Saturday, September 8, 2012

Entity Framework Code First Web.config Initialization

Even though as a blogger you often blog code, blogs aren't working code, obviously. A blog post about a particular technology will slowly fade in relevance as time passes and the world moves on. But at the same time if a better way of doing something that you recently wrote about comes along, you'd want to update the post in question, so that's what I'm doing here about EF Code First Migrations, now that we're up to EF 5.0.

In Entity Framework Migrations strategies: the Semi-Automatic I talked about the DbMigrator class to run your migration scripts, invoked from the global.asax on Application_Start() for instance, but that was then: this is now. Or as they say in Perth "Yeah ... nah!". The way you specify the initializer for your DbContext has changed a lot in recent times, exhibiting all the stability of a game of jenga. But since the Jan 12 EF 4.3 Configuration File Settings post from the ADO.Net team, we can all consider ourselves schooled in the state-of-the-art in EF Code First initialization options, and should therefore move the whole show to the nearest config file.

Flickr photo
FlickrTransformers-Movie-Screen-Shots-04, by jalopnik. Web.config Transformer Man

Since EF 4.3 there has been an entityFramework section in the Web.config and as the EF team point out in that blog post you can use this to set a migration strategy. Much better than doing it through the code. Why? Because obviously you may not have the same strategy in your local dev, testing, and production environments. "...if you are using Code First Migrations, you can configure the database to be migrated automatically using the MigrateDatabaseToLatestVersion initializer." Did you get that? There's a new addition to the original 3 initializers included with EF:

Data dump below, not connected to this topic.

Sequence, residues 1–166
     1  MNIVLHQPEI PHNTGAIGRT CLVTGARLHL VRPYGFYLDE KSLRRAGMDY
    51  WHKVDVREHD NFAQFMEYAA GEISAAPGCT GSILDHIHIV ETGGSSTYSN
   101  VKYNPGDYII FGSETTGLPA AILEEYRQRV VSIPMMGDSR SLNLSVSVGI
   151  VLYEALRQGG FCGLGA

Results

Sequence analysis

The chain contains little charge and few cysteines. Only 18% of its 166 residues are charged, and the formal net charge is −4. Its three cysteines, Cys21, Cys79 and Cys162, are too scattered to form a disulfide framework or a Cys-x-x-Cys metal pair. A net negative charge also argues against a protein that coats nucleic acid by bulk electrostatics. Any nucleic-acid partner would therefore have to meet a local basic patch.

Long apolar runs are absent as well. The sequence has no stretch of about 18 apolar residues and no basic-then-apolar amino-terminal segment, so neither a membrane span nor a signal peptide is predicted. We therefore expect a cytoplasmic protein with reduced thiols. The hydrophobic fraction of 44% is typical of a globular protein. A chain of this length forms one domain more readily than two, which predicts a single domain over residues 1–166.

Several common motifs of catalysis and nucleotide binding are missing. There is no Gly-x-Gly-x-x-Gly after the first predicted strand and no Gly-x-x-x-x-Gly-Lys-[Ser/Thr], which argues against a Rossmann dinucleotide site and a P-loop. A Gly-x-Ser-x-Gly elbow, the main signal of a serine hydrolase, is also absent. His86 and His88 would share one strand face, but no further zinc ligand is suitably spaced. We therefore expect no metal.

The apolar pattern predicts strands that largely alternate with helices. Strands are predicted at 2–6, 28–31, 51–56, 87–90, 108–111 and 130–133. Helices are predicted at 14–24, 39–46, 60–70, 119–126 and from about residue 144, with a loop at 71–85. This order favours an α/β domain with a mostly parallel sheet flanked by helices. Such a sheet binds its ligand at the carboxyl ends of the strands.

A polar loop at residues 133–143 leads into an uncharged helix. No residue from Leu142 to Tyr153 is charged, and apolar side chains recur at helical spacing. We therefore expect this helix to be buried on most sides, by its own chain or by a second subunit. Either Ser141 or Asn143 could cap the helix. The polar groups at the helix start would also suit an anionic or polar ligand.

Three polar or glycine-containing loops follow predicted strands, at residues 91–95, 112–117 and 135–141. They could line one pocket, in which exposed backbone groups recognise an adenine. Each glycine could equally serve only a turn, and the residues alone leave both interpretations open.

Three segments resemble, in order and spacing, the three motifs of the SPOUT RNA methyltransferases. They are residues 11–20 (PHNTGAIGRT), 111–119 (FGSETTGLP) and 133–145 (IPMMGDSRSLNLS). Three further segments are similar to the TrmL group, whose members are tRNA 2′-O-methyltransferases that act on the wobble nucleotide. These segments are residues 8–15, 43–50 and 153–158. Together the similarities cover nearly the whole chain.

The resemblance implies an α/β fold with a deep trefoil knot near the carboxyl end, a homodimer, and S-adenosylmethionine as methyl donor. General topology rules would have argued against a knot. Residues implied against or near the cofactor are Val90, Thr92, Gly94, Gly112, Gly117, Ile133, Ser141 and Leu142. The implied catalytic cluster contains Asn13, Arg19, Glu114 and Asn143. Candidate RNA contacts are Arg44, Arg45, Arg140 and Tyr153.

1. CreateDatabaseIfNotExists (default)
  2. DropCreateDatabaseWhenModelChanges
  3. DropCreateDatabaseAlways
  4. MigrateDatabaseToLatestVersion <- now that's what I'm talking about!
You can completely disable initialization too, by simply changing the disableDatabaseInitialization value to "true". You may be nervous about the unintended side-effects of EF Code First on your production database, so it's nice to have an off switch like this. Let's be perfectly honest here - running any sort of initialization option against a live database is not for the faint-hearted.

To get cracking with this new initializer, just associate it with your context in your app's Web.config:
<configuration>
  ...
  <entityFramework>
    <contexts>
      <context type="MyAssembly.MyContext, MyAssembly" disableDatabaseInitialization="false" >
        <databaseInitializer type="System.Data.Entity.MigrateDatabaseToLatestVersion`2[[MyContext, MyAssembly], [MyConfiguration, MyAssembly]], EntityFramework" />
        </context>
      </contexts>
   </entityFramework>
<configuration>
That databaseInitializer type attribute value is just confusing: at least I found myself confused the first time I had to whip one of these up in the web.config, so it might help to think of it as being the same as:
Database.SetInitializer(new MigrateDatabaseToLatestVersion<MyContext, MyConfig>());
The MigrateDatabaseToLatestVersion generic initializer takes two type parameters - "When we create an instance of this initializer we need to specify the context type and the migrations configuration - the migrations configuration is the class that got added to our Migrations folder when we enabled Migrations.", from the Code First Migrations article in the MSDN Data Developer Center - so that's why there's the `2 in the config.